The Doggy Daycare Story

I will start out by saying, it didn’t go well.

On Friday last week, we booked Shiva in for a half-day at a doggy daycare centre. Until that day, we had never left her alone with someone else, not even for five minutes. The closest we came was the three minutes of angst during the Canine Good Neighbour test. Given that our family lives on the other side of the country, we may have to put her in a kennel one day. Emergencies happen. It would be great if we didn’t have to worry about our dog’s sanity in such an event. Since we were off work, I thought it would be a good chance to experiment. Start off small with a half-day, and then if that went well, maybe next time try a full day, and then maybe an overnight stay. Maybe.

As far as I know, most dogs love doggy daycare. What’s not to enjoy? They get to hang out with a bunch of cool people with new toys and a whole pack of other dogs that like to play.  It sounds like a blast to me and I am not even a dog. One would think it would beat staying at home in one’s crate. Most dogs would be thrilled at the opportunity.

Unfortunately, Shiva is not most dogs.

We did everything we could to set her up for success. We chose to take her to a more expensive daycare just because the building is the same one in which we attend agility classes. After two years, Shiva is as comfortable there as a Shiva can be comfortable anywhere. The woman who owns the business is warm and ultra laidback. She understands our situation and was willing to be flexible. When we explained the basics of Shiva’s issues, she agreed to call us immediately if there were any problems. Shiva has met her before and likes her as much as she can like a stranger.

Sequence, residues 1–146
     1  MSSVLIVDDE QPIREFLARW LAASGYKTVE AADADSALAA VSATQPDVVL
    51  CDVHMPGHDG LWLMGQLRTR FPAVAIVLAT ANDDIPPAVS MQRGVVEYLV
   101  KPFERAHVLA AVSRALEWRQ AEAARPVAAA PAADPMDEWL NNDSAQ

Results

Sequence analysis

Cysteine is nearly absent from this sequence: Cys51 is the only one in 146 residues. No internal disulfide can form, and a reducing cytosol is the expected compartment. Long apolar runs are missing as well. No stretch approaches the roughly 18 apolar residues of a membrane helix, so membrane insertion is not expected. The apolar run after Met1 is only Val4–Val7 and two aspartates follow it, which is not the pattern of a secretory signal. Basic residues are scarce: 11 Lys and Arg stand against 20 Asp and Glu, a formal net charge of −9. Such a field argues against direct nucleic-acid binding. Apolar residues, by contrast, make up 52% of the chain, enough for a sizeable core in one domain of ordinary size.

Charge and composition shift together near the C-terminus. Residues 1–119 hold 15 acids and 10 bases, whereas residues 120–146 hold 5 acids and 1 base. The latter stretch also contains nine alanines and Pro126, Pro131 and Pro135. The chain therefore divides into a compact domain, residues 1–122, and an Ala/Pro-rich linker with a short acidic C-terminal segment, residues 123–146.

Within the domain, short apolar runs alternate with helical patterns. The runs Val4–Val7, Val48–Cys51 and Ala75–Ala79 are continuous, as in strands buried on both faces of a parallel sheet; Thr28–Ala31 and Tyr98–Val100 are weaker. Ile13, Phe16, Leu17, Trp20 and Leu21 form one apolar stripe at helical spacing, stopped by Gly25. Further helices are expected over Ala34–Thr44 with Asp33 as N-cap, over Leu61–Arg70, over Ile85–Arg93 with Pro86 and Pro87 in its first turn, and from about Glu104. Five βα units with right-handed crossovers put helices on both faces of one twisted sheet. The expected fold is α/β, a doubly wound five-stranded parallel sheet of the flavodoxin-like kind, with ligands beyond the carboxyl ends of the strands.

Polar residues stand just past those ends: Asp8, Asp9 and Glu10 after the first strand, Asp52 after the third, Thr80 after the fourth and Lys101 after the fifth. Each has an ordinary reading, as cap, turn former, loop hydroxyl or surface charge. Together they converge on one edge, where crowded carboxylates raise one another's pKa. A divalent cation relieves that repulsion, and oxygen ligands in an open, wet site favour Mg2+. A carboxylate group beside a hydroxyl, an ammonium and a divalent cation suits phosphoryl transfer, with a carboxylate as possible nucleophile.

That morning I kept her routine the same. We went for a long off-leash walk in the forest at the usual time. She ate her breakfast, lazed around on the couch, and chased the cat. We brought along a bag of familiar treats for the I made sure my attitude was relaxed and optimistic. What was the worst that could happen?

I won’t lie. I was a little nervous when we dropped her off. My PH and I both felt a little like parents taking their child to her first day of kindergarten. It was a little intimidating. For the first time, Shiva was going to be with other people. We weren’t going to be able to control the situation or her reactions. We were opening up ourselves to the judgment of others. It was time to see if all of our hard work had made a difference.

The worst part was when we walked away. Shiva seemed fine. She was running around the front room, sniffing and bugging a cranky dog in his crate. Crossing our fingers, we slipped out the door. And then I looked back.

Never look back.

Through the glass I could see her little white nose peeking over the gate inside. Her ears were forward and her brown eyes looked back at me somberly.

That’s when I ran back inside screaming and beating my chest.

Okay, I didn’t do that, but I felt like I could. Instead, we walked to the car and drove away, leaving our baby behind. We drove a few blocks down to get coffee at a local place we’ve always meant to check out. Sitting down inside, my PH put his phone on the table and we waited. And waited. When our coffee was finished and we still hadn’t received a call, we went to the Registry of Motor Vehicles to complete some boring business. And waited.